Or any taller, for that matter: in one spot the road is literally a C-shaped gash in the cliff: there’s rock directly over your head. So all you get is one jeep width (or really: one mule train width!), which is plenty for a motorcycle.
So for the next morning, the long ride, we arranged for a tour from Terry. He’s a friend-of-a-friend who has been riding the back roads for decades, and he was itching to get out so much that he was willing to take on a couple of novices. We met at Ironton, an old mining area well above Ouray, to do Corkscrew:
Start at nearly 10,000′
Ironton, right alongside U.S. Highway 550, is on the far side of the gorgeous (if a bit white-knuckle) Million Dollar Highway portion of the highway. It’s at 9,800′ (3,000m), and after a quick briefing from Terry we all headed up a steep dirt road — one of Ouray’s county roads. Dave turned on his GPS tracker as we got going.
As we started up the side of Red Mountain 1, you can see the switchbacks in the road — as the contour lines on the topographic map show, it’s steep:
I stopped at that switchback to rest, and turned around a bit from the angle of the previous shot to get a photo of the basin we came up through:
From there, it was a relatively easy ride down into Silverton, another old mining town in another tight valley that’s another fun tourist attraction:
We stopped in town and bought Terry lunch, and were riding out on another dirt road just in time to see the train come in from Durango — the Durango and Silverton Narrow Gauge Railroad, which I need to ride someday:
We got back on Highway 550 toward Ouray, but at the county line popped back up into the hills again to see some more of the old mining areas:
Hard rock mining is a tough life, but there are hundreds of mines in the mountains around here. This is the top of a mine shaft: a shaft is vertical (think elevator shaft); a horizontal mine bore is called a drift. The falling-down structure at the top is the headframe, the top of the shaft.
Miners — and mules! — were lowered down into the mine from here to do the digging and bring the ore back to the shaft, and the ore was brought to the surface with power from a hoist house (not shown above: it has collapsed).
The weird looking brown stuff? Those are tailings. Most of the time, there’s a mill that separates the desired mineral from the ore (usually metals in these mines, especially silver), and the tailings are what’s left — the largest fraction of the ore, and it’s just tossed aside and left in huge piles.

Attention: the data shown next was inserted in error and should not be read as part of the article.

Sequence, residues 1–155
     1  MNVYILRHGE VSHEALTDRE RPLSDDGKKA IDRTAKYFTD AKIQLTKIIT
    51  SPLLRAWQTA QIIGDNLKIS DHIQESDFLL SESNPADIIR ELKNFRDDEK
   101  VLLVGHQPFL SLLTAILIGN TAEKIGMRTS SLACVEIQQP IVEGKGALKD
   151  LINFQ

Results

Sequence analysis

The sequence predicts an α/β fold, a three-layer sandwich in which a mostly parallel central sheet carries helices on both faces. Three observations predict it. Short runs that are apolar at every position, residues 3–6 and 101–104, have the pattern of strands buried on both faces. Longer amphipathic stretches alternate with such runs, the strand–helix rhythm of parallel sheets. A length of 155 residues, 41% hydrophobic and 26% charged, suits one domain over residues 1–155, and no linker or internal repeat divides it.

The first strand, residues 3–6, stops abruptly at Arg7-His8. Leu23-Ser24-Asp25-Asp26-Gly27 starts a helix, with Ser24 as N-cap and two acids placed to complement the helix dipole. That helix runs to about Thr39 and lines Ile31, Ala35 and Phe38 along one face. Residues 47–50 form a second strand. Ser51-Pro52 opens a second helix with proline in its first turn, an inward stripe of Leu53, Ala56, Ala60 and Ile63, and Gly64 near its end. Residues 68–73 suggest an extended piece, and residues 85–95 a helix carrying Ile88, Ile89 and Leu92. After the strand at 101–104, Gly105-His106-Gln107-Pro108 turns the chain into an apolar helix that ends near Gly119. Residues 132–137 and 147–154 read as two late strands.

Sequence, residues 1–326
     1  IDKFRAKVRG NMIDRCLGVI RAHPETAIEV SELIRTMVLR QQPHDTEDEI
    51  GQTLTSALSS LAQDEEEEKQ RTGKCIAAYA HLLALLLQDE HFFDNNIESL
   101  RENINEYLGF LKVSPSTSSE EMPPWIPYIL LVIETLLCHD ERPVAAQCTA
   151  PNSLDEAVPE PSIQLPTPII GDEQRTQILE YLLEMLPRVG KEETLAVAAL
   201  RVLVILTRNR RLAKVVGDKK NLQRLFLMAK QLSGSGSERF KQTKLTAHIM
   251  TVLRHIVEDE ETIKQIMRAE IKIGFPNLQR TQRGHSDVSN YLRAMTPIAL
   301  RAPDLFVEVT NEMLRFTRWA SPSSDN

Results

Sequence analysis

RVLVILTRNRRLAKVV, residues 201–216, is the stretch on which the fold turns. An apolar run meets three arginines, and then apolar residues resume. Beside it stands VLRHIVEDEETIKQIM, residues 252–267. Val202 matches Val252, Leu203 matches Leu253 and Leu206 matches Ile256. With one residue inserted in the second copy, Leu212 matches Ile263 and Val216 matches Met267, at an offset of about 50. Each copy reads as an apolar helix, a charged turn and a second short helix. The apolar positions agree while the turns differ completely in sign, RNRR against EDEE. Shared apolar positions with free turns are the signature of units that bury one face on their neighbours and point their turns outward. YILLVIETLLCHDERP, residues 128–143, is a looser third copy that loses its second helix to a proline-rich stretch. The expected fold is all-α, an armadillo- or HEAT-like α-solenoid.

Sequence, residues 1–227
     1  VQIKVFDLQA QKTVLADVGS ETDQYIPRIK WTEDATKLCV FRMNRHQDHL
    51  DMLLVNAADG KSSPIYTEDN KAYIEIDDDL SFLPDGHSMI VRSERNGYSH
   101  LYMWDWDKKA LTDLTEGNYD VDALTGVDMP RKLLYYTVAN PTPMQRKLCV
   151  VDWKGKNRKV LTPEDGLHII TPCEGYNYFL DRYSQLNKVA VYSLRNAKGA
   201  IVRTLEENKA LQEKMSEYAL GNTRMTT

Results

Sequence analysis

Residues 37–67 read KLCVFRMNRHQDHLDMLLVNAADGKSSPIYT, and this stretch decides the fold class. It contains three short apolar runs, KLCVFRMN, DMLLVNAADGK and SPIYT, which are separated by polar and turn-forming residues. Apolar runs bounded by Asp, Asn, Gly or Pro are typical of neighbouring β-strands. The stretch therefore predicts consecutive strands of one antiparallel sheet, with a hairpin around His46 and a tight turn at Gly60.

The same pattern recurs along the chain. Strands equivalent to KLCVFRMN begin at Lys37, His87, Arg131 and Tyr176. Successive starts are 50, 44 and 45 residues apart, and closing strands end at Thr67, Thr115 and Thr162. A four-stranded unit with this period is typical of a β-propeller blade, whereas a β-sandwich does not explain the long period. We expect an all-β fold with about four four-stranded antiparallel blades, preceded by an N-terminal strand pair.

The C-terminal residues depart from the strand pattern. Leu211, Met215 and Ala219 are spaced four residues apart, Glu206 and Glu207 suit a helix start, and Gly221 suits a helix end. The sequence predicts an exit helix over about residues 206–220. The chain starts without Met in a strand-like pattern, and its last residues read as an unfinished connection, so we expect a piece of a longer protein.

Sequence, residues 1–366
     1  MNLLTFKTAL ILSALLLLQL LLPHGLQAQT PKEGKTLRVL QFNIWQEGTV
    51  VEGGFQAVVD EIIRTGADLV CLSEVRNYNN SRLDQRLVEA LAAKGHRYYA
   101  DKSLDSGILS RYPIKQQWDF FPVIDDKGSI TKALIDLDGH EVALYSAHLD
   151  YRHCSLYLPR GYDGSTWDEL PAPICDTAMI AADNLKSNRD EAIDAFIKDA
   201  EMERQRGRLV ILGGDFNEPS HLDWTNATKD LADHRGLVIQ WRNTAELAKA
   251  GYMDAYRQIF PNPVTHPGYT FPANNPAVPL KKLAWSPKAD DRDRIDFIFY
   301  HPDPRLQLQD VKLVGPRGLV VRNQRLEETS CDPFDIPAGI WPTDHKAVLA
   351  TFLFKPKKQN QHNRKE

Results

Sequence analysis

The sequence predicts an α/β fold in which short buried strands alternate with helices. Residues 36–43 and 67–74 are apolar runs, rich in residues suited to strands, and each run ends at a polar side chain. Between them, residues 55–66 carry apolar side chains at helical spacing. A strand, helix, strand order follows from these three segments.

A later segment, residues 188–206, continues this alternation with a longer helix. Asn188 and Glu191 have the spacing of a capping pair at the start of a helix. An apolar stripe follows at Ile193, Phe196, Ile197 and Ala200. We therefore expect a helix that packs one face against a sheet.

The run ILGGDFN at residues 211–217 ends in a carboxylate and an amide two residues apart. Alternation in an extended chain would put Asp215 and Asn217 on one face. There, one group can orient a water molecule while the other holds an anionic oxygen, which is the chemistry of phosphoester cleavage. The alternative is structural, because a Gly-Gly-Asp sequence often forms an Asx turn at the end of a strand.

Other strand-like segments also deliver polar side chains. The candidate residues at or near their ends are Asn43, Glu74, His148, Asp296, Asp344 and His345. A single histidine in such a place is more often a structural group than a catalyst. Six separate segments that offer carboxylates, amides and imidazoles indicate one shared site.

Unfortunately it’s often pretty toxic, with acids, arsenic (especially in gold mines), mercury and other nasty stuff — note that there are no plants growing in the pure tailings, even though this mine was probably abandoned in the early 1900s.
I love these old falling-down structures; I think they’re gorgeous. There’s even a horrific beauty in tailings; check this pile out, taken from across a small valley:
I don’t know if the waterfall was there first, or the tailings (my guess: the waterfall), and the water is carrying toxic gunk across the meadow, killing just about everything in its path. (Yes, there’s plenty of clean-up work in progress in these mountains.) I find this grotesquely gorgeous, even though I can see the environmental damage done by this.
And yes, it bothers me that in most cases with these mines, “someone” came in, pulled out their fortunes, and then moved on, leaving some other generation to clean up the mess later.
Our last stop was the fairly famous Yankee Girl mine site, which was saved from destruction just recently:
The Yankee Girl (established 1882) was a rich mine, producing huge amounts of silver and gold from its vertical shaft, which goes down about 1,000 feet. It was so rich with silver that the ore fetched up to $10,000 per ton — in the late 1800s — without even going through a mill first. Here’s a photo from the era — 1888:
All told, in the two trips we rode more than 150 miles, mostly on dirt roads that would probably terrify the average flatlander. Yep: I’m getting my heart pumping a bit more, not just sitting at a desk!
Many thanks to Matt Goetsch of the Western Slope 4-Wheelers jeep club for help in identifying the mines shown in some of the photos on this page.
Update: Once I saw what I wanted of the backcountry, I sold the bike in favor of a different hobby.